> against infringement.  Unlike outbound licensing in an "as is" state, by
> offering indemnity and/or warranty on code obtained without warranty,
> the licensor is assuming a contingent financial liability that is hard
> to measure but could be substantial in amount in an extreme case.
> That's a long winded way of saying that when we look at code licensed
> under the ASF 2.0 license, we favor ASF project code versus non ASF
> project code because the ASF contributor license agreement policy and
> process offers one circumstantial proof point that the code will be of
> lower risk of third party IP encumbrances than code developed without
> any form of contributor-level promise or commitment.  
> I will be working with the new Spec Lead to get the JCP page for JSR 173
> updated as soon as possible.  Thanks for reminding me that this issue is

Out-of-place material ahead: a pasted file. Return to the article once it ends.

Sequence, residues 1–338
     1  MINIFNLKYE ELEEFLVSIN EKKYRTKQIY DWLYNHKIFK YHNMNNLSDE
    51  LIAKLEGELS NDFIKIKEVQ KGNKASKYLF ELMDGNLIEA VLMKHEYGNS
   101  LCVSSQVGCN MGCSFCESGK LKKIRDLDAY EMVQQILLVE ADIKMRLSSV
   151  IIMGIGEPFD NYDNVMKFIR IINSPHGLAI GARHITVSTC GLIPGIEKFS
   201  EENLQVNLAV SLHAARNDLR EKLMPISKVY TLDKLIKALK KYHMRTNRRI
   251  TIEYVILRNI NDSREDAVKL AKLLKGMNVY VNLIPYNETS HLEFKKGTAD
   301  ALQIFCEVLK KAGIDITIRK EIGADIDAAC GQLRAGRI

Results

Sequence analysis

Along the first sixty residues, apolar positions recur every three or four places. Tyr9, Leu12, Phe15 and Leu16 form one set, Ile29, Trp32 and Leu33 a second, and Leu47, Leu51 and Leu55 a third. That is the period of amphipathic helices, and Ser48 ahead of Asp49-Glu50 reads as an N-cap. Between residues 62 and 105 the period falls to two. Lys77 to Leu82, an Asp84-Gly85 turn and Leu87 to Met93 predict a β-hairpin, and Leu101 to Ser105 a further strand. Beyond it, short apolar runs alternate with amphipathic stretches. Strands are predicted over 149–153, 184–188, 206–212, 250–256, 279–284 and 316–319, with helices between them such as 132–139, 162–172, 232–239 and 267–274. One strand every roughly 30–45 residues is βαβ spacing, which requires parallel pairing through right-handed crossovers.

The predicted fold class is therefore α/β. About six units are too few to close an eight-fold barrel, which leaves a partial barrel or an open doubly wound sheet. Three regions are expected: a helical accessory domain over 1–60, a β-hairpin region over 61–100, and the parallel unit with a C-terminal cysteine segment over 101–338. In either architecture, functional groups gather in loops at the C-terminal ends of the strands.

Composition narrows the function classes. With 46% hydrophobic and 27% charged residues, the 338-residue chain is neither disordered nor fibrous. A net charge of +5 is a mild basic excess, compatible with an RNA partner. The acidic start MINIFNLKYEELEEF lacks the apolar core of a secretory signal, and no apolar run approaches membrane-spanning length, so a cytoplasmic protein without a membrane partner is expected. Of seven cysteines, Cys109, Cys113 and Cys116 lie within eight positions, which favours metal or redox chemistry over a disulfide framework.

> still unresolved, and sorry for the confusion our delay in cleaning this
> up may have caused.
> Regards,
> Jim Barnett
> Associate General Counsel
> BEA Systems, Inc. 
> -----Original Message-----
> From: Michael Glavassevich [mailto:mrglavas@ca.ibm.com] 
> Sent: Sunday, April 23, 2006 2:00 PM
> To: legal-discuss@apache.org
> Cc: polx@apache.org
> Subject: Re: StAX (JSR 173) API source license
> Paul Libbrecht <polx@apache.org> wrote on 04/23/2006 08:56:16 AM:
>> Two little opinions:
>> - last I checked the StAX API was under one of these extra weird 
>> licenses that big companies a specially able to realize, one such as
> the 
>> early JAXP or Servlet API licenses which may bite you for the need to 
>> update or... at least at the time it has retained me from embarking on
>> ActiveSoap. Now that StAX is getting more presence, it would be real 
>> nice to have the StAX API under APL 2!
> ... and from what I understand BEA has made the StAX API available under
> the APL 2.0. Quoting a post from Radu Preotiuc-Pietro (see here [1] in
> the